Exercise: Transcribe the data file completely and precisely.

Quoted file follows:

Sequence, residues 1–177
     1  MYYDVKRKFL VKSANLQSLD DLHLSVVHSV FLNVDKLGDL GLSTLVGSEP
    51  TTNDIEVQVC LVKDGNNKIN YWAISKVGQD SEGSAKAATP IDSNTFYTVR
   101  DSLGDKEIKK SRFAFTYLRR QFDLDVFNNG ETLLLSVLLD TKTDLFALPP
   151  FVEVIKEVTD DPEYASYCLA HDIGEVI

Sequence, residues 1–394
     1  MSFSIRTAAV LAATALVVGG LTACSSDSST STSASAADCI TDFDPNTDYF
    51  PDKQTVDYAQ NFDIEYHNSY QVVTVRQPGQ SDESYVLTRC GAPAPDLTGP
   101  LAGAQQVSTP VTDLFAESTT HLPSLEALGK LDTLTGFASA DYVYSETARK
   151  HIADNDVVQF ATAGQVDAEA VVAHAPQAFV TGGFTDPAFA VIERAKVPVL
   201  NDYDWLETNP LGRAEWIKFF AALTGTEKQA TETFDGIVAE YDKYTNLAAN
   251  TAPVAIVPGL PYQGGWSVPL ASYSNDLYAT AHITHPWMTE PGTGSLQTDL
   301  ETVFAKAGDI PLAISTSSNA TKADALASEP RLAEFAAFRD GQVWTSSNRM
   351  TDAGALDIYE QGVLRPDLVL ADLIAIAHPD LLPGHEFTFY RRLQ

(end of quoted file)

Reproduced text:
Sequence, residues 1–177
     1  MYYDVKRKFL VKSANLQSLD DLHLSVVHSV FLNVDKLGDL GLSTLVGSEP
    51  TTNDIEVQVC LVKDGNNKIN YWAISKVGQD SEGSAKAATP IDSNTFYTVR
   101  DSLGDKEIKK SRFAFTYLRR QFDLDVFNNG ETLLLSVLLD TKTDLFALPP
   151  FVEVIKEVTD DPEYASYCLA HDIGEVI

Sequence, residues 1–394
     1  MSFSIRTAAV LAATALVVGG LTACSSDSST STSASAADCI TDFDPNTDYF
    51  PDKQTVDYAQ NFDIEYHNSY QVVTVRQPGQ SDESYVLTRC GAPAPDLTGP
   101  LAGAQQVSTP VTDLFAESTT HLPSLEALGK LDTLTGFASA DYVYSETARK
   151  HIADNDVVQF ATAGQVDAEA VVAHAPQAFV TGGFTDPAFA VIERAKVPVL
   201  NDYDWLETNP LGRAEWIKFF AALTGTEKQA TETFDGIVAE YDKYTNLAAN
   251  TAPVAIVPGL PYQGGWSVPL ASYSNDLYAT AHITHPWMTE PGTGSLQTDL
   301  ETVFAKAGDI PLAISTSSNA TKADALASEP RLAEFAAFRD GQVWTSSNRM
   351  TDAGALDIYE QGVLRPDLVL ADLIAIAHPD LLPGHEFTFY RRLQ